It is possible to imagine that when Vasari and Giovio conceive the program for the painting, the Portrait of Lorenzo The Magnificent, they connect the image of a prin-cely ruler such as Lorenzo with Machiavelli's a princely utopia and leadership. With this allusion to the Medici family dynasty and power, Vasari's imagery and symbolism of the political connection of the Medici with Florence and with the symbol of the lau-rel, seem to derive from commemorative coin imagery, such as Niccolò dei Forzore Spinelli's (Niccolò Fiorentino) bronze medal of Lorenzo de'Medici «Il Magnifico» of 1480 at the Metropolitan Museum of Art (Fig. 4)34. The obverse of the medal reveals a profile portrait of Lorenzo. The reverse depicts a female personification of Florence wearing a tunic and mantel, and seated to the right under a laurel tree. In her stretched right hand, she holds a stalk of three lilies. The legend reads, Tutela Patri[a]e (Guar-dian of the homeland). Below the figure is her name, Florentia[e] (Florence). Thus, the Medici family is identified with Florence. Years later, in the Dialogo dell'imprese militari et amorose, Paolo Giovio creates an impresa in honor of Lorenzo de'Medici, depicting a laurel tree between two lions (Fig. 15).


Fig.15. Paolo Giovio, Dialogo dell'imprese militari et amorose, 1574, Impresa 5 (Glasgow University Library) in www.italianemblems.arts.gla.ac.uk/impresa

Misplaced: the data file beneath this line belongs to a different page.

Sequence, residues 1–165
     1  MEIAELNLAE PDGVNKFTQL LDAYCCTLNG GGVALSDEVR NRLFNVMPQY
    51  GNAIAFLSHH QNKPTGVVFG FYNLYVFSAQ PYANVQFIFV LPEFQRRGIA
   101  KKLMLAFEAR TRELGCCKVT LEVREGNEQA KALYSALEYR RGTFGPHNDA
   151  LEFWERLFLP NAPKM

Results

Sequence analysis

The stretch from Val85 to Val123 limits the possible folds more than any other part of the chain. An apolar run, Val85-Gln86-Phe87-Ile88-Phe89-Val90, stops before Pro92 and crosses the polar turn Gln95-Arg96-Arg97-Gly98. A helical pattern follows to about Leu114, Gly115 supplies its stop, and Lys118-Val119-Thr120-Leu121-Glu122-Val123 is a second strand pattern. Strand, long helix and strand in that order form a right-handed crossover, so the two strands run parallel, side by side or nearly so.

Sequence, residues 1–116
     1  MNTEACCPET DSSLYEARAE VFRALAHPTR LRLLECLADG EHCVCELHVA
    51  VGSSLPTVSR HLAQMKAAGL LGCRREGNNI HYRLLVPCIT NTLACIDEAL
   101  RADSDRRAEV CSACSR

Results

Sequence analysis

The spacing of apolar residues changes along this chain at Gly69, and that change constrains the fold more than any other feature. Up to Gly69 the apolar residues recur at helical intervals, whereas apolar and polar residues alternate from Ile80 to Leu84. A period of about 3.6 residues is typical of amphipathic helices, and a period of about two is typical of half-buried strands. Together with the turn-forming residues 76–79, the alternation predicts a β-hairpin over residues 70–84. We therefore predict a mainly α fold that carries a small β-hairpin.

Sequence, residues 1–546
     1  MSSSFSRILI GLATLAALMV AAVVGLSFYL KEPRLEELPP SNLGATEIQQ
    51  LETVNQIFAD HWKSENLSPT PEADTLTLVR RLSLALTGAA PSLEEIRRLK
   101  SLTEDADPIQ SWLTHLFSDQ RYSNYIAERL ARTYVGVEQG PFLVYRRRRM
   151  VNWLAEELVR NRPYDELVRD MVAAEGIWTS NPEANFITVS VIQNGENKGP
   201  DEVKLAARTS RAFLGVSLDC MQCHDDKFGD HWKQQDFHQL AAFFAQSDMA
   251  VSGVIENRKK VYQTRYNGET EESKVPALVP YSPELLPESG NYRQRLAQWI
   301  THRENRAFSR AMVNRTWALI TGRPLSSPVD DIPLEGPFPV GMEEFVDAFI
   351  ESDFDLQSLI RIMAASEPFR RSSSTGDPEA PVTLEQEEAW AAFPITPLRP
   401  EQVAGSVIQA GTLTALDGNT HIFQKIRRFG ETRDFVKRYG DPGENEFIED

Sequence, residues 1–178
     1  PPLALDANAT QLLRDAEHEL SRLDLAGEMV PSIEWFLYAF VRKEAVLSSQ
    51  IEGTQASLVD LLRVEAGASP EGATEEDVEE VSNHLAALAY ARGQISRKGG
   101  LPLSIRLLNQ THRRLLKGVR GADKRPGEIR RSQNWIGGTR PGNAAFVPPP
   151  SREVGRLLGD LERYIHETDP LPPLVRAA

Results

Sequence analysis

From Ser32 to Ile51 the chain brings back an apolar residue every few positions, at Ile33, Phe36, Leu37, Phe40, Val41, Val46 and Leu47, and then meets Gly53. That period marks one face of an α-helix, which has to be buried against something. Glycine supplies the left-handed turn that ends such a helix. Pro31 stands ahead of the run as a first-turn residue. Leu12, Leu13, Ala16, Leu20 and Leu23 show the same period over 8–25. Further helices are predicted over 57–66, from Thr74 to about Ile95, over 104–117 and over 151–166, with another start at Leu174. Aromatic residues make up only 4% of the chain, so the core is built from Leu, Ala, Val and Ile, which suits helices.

The flourishing laurel tree is deco-rated with a fanciful ribbon with a Latin inscription, «Ita et Virtus» («The Same as Virtue» or «Also as Virtue»)35. Perhaps Giovio is familiar with a Leonardo's sketch de-picting in a shield two rampant lions, framing a tree36. Outside the shield, words like Prudence and Strength correspond to the two felines. Leonardo designs this shield for a carnival honoring the political virtues of Ludovico il Moro, Duke of Milan. Donato Mansueto explains the meaning of this impresa 5 and its motto, which signifies that a virtue is constant and perpetual like a laurel tree, which is everlasting green. The two lions guarding the tree ensure that tree is protected from the vicissitudes of nature37. Giovio connects the laurel tree with the name of Lorenzo and the lion with the symbol of fortitude and courage, alluding to the cultural accomplishments and political triumphs of Lorenzo recorded in the Florentine history.

Furthermore, it is not by mere accident that the Medici, wanting to glorify their heritage and deeds, commission Machiavelli to write a Florentine History in 151938. Vasari, too, is a recipient of the patronage of the Medici and their humanistic circle, as indicated by his knowledge of Machiavelli's military and political ideas, in particular his concept of Fortune. Years later, in 1548, in his house at Arezzo, Vasari decorates the ceiling of his studio with the personification of Fortune and its complex symbo-lism39.

In decoding Vasari's painting the Portrait of Lorenzo The Magnificent, it is helpful to review his letter to his patron. Protruding from Lorenzo's marble armchair, the per-sonification of Bugia (Falsehood) bites her tongue as Lorenzo uncovers her infamous deeds. In his right hand, Lorenzo holds a letter or a document alluding to Bugia's trea-cheries. The inscription incised in the marble chair reads «Sictu maiores mihi, ita et ego post mea virtute praeluxi», referring to Cicero's notion «Wanting my parents ancient glory, I outshone my ancestors virtue» in Salustium Crispun invectiva40. Lorenzo's lineage is to follow the virtue of prudence, in this case, in order to overcome deception and dishonesty. Vasari's usage of the Latin inscription demonstrates how Cicero's moral and political perceptions are praised and assimilated not only in the visual imagery of the Cinquecento, but also in the writings of Machiavelli as well as of Giovio.